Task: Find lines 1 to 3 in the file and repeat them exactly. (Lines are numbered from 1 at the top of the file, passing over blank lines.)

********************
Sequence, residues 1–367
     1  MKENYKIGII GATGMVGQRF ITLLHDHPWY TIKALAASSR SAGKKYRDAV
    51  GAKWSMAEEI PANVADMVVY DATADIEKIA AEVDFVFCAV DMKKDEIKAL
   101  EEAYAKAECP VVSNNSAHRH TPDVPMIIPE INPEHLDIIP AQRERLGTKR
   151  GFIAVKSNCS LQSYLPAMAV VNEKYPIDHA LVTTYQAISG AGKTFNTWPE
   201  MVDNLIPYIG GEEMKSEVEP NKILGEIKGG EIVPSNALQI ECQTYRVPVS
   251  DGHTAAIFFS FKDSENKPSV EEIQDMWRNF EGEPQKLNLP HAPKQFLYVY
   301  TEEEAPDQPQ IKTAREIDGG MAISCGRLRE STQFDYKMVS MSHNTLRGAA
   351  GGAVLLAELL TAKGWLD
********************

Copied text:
Sequence, residues 1–367
     1  MKENYKIGII GATGMVGQRF ITLLHDHPWY TIKALAASSR SAGKKYRDAV
    51  GAKWSMAEEI PANVADMVVY DATADIEKIA AEVDFVFCAV DMKKDEIKAL